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Graphite Market Update: H1 2023 in Review

As the world continues to move away from fossil fuels to green sources of energy, the role of battery metals is becoming increasingly important, with graphite being no exception.

Analysts continue to be optimistic about the future of graphite and its use in electric vehicle (EV) batteries — at least for the next few years. Both synthetic graphite and natural graphite, in the form of the intermediate product spherical graphite, are currently used in the anodes of lithium-ion batteries.

What happened in the graphite market so far in 2023? Read on to learn about the main supply and demand dynamics in H1 and what market participants are expecting for the rest of the year.

How did graphite perform in h1 2023?

Following a rally in the first few months of the year, graphite prices ended 2022 almost muted.

“However, we’ve seen prices decline quite heavily this year due to a weakening of demand related to the poor economic conditions around the world and stockpiles of material through the EV supply chain.”

“Following this, prices have experienced a decline up until the present day due to a relatively lackluster demand for graphite material from the anode sector, with the sentiment within the industry being that downstream demand would have been higher this year than it has been,” Alderson added.

Additionally, the analyst said major cell manufacturers have been focusing on cost reduction measures on the anode side, as the materials involved in the cathode side have comparatively higher costs and have less price flexibility.

“This approach has resulted in lower anode material prices. This also extended to major players in the anode market, which have utilized their stronger purchasing power over flake graphite producers to negotiate discounted prices for battery feedstock materials,” Alderson said.

For synthetic graphite, price volatility has been the name of the game for the first six months of the year on the back of robust supply.

“Battery anode manufacturers have continued to incorporate a higher proportion of this cheaper material into their feedstock blends and have diversified their sources of coke supply away from more expensive needle cokes,” Alderson said.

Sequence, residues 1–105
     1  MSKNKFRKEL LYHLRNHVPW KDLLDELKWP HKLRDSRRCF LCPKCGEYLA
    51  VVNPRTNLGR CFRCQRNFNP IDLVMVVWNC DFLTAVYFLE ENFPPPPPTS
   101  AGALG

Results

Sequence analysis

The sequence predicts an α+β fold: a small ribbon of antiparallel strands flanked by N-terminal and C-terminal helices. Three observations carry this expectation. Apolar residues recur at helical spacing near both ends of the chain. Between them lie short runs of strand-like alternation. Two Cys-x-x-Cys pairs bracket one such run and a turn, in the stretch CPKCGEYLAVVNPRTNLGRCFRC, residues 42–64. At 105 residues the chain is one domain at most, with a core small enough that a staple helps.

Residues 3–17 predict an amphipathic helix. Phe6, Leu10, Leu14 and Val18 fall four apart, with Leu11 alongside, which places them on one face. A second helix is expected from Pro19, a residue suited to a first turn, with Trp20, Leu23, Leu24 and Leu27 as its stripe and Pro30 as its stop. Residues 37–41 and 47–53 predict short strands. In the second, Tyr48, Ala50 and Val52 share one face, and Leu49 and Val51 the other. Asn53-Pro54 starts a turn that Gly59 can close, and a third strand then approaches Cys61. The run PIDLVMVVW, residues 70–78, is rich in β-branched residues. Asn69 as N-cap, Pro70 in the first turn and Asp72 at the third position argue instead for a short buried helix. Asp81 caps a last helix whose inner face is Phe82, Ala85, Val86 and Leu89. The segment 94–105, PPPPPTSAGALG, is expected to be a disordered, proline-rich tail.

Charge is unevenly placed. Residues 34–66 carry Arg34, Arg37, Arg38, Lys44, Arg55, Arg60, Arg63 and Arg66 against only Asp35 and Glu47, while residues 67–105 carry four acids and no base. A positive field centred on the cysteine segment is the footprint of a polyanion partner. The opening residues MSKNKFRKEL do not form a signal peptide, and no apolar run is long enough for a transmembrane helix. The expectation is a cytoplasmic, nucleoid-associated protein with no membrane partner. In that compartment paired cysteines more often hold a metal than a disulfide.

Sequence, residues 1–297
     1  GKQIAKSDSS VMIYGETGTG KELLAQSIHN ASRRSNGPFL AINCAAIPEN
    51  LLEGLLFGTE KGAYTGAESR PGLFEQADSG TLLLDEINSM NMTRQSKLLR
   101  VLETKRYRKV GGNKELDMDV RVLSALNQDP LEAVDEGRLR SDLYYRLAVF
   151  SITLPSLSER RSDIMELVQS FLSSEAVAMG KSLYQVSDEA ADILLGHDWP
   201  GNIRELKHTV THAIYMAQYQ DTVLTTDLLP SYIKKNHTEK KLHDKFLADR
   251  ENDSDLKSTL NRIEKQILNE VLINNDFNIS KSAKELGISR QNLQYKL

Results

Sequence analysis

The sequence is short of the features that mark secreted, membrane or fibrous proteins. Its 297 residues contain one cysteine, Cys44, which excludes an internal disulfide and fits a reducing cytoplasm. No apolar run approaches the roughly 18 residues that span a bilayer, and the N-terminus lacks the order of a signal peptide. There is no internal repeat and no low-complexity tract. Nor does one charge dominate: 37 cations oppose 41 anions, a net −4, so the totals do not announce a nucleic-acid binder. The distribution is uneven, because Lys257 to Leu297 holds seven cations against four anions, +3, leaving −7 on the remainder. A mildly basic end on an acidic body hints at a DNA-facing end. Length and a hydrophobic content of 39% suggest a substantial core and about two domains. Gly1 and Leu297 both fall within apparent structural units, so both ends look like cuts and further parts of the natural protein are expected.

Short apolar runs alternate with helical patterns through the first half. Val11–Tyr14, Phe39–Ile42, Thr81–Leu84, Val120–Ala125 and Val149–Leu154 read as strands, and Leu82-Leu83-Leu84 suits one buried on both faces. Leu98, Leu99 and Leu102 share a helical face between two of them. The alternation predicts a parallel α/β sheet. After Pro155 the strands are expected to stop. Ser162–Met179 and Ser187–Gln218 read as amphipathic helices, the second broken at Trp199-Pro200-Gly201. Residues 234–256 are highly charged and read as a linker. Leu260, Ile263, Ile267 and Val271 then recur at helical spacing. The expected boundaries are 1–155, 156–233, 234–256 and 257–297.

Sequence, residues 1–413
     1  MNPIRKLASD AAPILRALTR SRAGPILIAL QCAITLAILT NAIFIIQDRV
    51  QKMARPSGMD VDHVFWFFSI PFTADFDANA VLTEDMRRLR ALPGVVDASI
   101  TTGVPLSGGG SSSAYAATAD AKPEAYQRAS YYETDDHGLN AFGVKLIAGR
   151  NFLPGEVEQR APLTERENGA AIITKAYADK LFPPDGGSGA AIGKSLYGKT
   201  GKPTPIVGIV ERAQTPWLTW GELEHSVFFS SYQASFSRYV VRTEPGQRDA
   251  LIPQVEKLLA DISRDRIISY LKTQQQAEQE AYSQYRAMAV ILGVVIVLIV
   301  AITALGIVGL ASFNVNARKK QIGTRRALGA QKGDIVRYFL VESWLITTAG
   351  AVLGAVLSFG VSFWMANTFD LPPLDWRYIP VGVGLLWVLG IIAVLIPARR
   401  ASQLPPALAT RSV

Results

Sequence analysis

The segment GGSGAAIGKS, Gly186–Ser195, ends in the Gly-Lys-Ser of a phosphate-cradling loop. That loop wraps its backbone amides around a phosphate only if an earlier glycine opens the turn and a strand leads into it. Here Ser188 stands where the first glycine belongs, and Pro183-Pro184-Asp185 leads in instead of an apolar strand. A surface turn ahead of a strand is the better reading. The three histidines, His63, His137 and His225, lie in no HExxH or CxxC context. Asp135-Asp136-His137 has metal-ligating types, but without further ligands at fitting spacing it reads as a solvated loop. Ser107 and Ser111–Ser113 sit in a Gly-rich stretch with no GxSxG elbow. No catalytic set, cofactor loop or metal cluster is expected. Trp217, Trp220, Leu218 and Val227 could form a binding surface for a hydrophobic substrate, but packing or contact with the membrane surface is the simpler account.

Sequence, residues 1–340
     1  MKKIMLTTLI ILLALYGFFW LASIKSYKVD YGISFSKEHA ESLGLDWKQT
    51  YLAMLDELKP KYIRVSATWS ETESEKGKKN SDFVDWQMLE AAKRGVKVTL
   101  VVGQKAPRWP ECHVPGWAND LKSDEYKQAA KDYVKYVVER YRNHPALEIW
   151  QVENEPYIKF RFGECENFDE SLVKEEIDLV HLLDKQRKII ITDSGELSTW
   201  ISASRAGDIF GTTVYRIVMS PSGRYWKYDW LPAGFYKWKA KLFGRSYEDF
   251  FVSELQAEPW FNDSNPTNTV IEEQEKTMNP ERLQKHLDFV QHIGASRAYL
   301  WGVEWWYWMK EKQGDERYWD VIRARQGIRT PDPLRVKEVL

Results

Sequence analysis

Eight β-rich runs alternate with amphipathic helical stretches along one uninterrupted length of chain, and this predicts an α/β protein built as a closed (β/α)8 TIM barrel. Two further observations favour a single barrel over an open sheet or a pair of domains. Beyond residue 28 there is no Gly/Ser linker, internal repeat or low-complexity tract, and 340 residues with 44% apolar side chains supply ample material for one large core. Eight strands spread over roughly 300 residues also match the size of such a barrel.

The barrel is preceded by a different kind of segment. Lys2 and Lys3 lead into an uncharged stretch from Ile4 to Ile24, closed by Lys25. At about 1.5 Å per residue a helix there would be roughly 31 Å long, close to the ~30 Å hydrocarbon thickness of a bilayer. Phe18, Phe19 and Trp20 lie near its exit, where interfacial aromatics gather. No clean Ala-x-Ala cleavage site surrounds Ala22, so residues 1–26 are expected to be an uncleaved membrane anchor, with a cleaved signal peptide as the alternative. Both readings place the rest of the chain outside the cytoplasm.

What is the graphite supply and demand forecast for H2 2023?

At the end of last year, analysts were expecting demand from the battery segment to continue to grow on the back of increased EV sales, with growth opportunities for both synthetic and natural graphite.

By volume, graphite is one of the most important elements in any electric vehicle battery ― with between 50 and 100 kilograms of graphite, whether synthetic or natural, present within each vehicle.

During the second half of the year, Wood Mackenzie is expecting demand for natural graphite to improve.

“EV sales are continuing to grow rapidly, up some 45 percent year-on-year in May and 12 percent month-on-month,” Willoughby said. “Steel demand should return as the economic environment improves.”

Similarly, Benchmark Mineral Intelligence is forecasting natural graphite demand to gradually rise throughout 2023.

“(This is) in line with gradual downstream demand growth from the lithium ion battery cell industry, which is still set to rise by over 30 percent year-on-year,” Alderson said.

At the same time, Benchmark Mineral Intelligence is seeing an increase in demand share for synthetic graphite anode material compared to its forecast at the start of the year.

“Prices for synthetic graphite anode material have fallen drastically over the last 6 months, and are continuing to do so as new capacity is being brought online and synthetic graphite anode players are using cheaper feedstock material (medium sulfur coke as opposed to low sulfur coke),” Alderson said.

Synthetic graphite demand is expected to rise as well in the second half of the year.

“The difference we will continue to see throughout 2023 is this gradual demand growth compounded by the increased demand we are seeing for synthetic graphite anode material,” Alderson said.

Looking over to supply, both natural graphite and synthetic face challenges ahead.